A team of designers in Norway have shed some light on the complex web of digital signals that penetrate and surround us by a visual representation of WiFi signals in Oslo. For their ‘Light Painting WiFi’ project, Timo Arnall, Jorn Knutsen, and Einar Sneve Martinussen constructed a four meter tall rod covered in blinking lights. The stronger the WiFi signal around the rod, the higher the blinking lights rise. By taking slow-exposure video footage of the rod, the team captured a one of the many digital signals in our lives.
Thanks Joey (from Sweden)
A new way to communicate
The mouse and keyboard were invented before the Internet even existed. Since then, countless technological advancements have allowed for much more efficient human computer interaction. Why then do we continue to use outdated technology? Introducing Gmail Motion — now you can control Gmail with your body.
With yesterday being Opening Day of the Major League baseball season (my Cardinals lost 5–3 after being one out away from a win in the 9th inning), here’s a look at some technical improvements being made at ballparks around the country.
Houston Astros – Minute Maid Park
The Astros join the Milwaukee Brewers and Minnesota Twins as the only MLB teams to feature a scoreboard with a 1080i display format. “Fans are watching games on high-definition [television], so when they come out to the ballpark we want things to be in high-definition, as well,” Kirby Kander, the Astros’ senior director of creative services, told Wired.com. Where once stood a 26-by-45-foot scoreboard in right field, there’s now a 54-by-124-foot Daktronics behemoth that ranks as the fourth-largest scoreboard in the majors.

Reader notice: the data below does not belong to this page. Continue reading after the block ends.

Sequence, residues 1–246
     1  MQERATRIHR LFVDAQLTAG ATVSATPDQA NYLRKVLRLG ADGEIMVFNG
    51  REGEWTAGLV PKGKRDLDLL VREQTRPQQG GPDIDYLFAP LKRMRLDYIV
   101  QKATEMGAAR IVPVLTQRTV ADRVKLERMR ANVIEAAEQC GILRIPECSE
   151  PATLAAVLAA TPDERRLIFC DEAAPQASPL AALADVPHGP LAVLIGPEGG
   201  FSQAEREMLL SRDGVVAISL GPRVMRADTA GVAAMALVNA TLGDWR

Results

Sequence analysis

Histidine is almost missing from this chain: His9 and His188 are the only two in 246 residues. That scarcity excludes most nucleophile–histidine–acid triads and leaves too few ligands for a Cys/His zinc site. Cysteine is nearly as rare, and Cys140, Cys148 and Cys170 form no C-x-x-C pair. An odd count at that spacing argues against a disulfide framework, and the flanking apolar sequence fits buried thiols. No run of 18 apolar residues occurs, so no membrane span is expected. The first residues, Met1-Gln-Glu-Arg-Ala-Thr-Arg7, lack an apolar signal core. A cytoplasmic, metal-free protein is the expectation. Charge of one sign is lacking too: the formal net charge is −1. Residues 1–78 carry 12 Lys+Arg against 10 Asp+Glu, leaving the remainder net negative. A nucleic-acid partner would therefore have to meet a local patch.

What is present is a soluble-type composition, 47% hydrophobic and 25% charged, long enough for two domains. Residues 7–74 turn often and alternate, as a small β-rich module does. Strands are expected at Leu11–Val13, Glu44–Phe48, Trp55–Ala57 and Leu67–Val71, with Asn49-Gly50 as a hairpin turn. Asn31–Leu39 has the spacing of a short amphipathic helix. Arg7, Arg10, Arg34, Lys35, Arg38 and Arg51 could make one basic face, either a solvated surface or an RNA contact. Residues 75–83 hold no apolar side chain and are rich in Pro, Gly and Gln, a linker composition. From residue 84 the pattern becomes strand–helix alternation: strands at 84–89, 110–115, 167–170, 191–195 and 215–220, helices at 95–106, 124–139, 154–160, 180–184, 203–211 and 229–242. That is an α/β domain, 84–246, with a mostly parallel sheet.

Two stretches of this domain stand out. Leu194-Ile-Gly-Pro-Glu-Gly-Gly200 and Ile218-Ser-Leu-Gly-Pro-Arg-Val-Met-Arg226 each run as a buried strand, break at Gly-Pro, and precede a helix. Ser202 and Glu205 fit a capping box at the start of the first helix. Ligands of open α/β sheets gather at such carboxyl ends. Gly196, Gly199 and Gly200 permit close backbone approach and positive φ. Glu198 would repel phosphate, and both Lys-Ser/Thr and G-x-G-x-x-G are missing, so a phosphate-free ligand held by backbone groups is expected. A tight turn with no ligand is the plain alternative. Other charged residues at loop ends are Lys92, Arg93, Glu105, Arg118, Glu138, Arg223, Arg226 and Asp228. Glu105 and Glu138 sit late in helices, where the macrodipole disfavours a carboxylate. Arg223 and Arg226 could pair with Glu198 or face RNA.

The 2.66-million pixel scoreboard was part of a $13 million project which included a 24-by-40-foot video board stationed in left field and 1,185 linear feet of ribbon boards spanning from one foul pole to the other. A state-of-the-art, two-level control room comprising 1,500 square feet was built at the suite level in left field to manage the new ‘boards.
What would tables be like in the next few years? Recently the Media Computing Group from Germany offered a possible answer with their BendDesk. It is a clever combination of common tables and computers, featuring a vertical display and a horizontal larger one. Frequently used devices like mouse, keyboard, paper-based documents and others are all built within the two areas, which promise an effective interaction with the users based on multi-touch technology.